Time to fix the recycling crisis
Australia’s recycling industry is in crisis — how did we get there and what can we do about it?
Kerbside collection of recyclable materials has faltered or stopped completely in some parts of Australia. In other areas, waste is being stockpiled. It’s an issue for all of us; from households to local councils, corporations and the Federal Government.
How did we get here?
Australia’s recycling industry was dealt a major blow in January 2018 when China stopped accepting most common types of recyclable goods for processing under its National Sword Policy.
Countries including the United States, the UK and Australia, which previously exported the bulk of their recyclables to China for reprocessing, have had to find alternative solutions, and prices have dropped worldwide for recyclable materials.
In Victoria, the bottoming out of the recyclables market contributed to the collapse of the state’s largest contractor, SKM Recycling.
Kerbside recycling has been sent straight to landfill in some areas, to the dismay of many local residents. In other places, recyclable waste is being stockpiled in warehouses. These waste warehouses are also a fire hazard – and they still require a waste buyer to show up.
Crisis yields opportunity
Garth Lamb, national president of the Waste Management and Resource Recovery Association of Australia, says governments and industry need to change their mindset from cheap disposal to maximum value.
“For too long we’ve been trying to do recycling at the lowest cost possible rather than what’s the highest value possible for the community,” Lamb said, in a recent Sydney Morning Herald podcast. “Where we’re really falling down is in closing that loop and getting those materials back into production, so that we can create the local circular economy.”
Creating a stronger recycling industry within Australia would have several benefits: it would create local jobs; help households deal with their own waste more effectively; and contribute to a more circular economic and production cycle for many common products.
A strong recycling sector could also mean Australia becomes less reliant on virgin materials, reducing the burden on our increasingly fragile environment. A good example of this is using recycled glass for construction and road building.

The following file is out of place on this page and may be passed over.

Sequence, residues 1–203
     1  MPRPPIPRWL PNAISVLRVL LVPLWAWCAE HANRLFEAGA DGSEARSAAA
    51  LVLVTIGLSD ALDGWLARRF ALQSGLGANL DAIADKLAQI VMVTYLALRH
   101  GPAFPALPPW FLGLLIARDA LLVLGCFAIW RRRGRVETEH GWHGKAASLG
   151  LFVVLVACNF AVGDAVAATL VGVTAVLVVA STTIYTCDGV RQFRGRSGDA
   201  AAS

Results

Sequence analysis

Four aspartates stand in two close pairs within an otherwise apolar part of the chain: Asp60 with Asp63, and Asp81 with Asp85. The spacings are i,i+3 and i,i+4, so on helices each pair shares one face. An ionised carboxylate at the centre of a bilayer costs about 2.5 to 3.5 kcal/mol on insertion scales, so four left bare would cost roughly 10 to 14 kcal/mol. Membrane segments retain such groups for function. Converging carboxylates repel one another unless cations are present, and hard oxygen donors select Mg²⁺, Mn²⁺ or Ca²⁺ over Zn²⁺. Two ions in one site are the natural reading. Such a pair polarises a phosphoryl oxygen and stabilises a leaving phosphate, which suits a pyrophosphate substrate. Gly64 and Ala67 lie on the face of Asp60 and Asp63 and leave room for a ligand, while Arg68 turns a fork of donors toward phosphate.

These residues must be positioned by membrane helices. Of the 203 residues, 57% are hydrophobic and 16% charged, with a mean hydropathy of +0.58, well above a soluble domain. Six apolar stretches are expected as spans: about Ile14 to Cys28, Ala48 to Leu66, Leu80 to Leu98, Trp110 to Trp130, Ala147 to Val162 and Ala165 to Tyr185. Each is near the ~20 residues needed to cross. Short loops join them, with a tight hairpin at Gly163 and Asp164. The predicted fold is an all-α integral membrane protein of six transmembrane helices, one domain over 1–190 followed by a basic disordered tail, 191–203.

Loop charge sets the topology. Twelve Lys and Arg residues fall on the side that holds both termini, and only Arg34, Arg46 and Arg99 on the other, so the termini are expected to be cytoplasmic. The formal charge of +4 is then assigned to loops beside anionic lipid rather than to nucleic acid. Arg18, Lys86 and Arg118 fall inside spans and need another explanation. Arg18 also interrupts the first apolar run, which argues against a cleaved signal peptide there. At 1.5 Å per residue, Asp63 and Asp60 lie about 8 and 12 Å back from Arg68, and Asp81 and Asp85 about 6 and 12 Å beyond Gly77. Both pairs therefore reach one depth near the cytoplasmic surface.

“Recycling isn’t just putting something in the yellow bin – the whole idea is to capture these valuable materials and get them back into the economy, rather than digging up new resources,” Lamb says. “It’s absolutely ludicrous that we’ve got stockpiles of glass that we could convert to sand and use in civil works projects but we’re not doing it. We’re still buying the virgin stuff.”
Investing in sustainability
Jillian Reid, who specialises in responsible investment at Mercer, says there are some exciting developments in waste management both here and around the world that support ecological and ethical practices in waste management.
“There are clever approaches to organic material like food waste to create compost at scale and processing facilities that can detect different plastic compounds with lasers to then sort into categories for processing,” Reid says.
“Sustainable solutions appear in many parts of the Mercer portfolio because as a responsible investor we understand there are investment return opportunities in the companies that can deliver solutions and a positive impact on our environment the communities where our members live.” Mercer invests in infrastructure like renewable energy and listed companies that are contributing to waste reduction and the circular economy.
Reid says it’s important to remember the connection between prosperity, people and planet as consumers and investors.
“A growing population coupled with a consumer culture of disposable convenience is a social driver behind our demands on the environment,” she says. “If we can consciously connect our prosperity to the planet in our decisions and the questions we ask of those with power and responsibilities, we’re all going to be a lot better off for a lot longer.”
To find out more about Mercer’s sustainable and responsible investment options, call Mercer Financial Advice on 1300 850 580.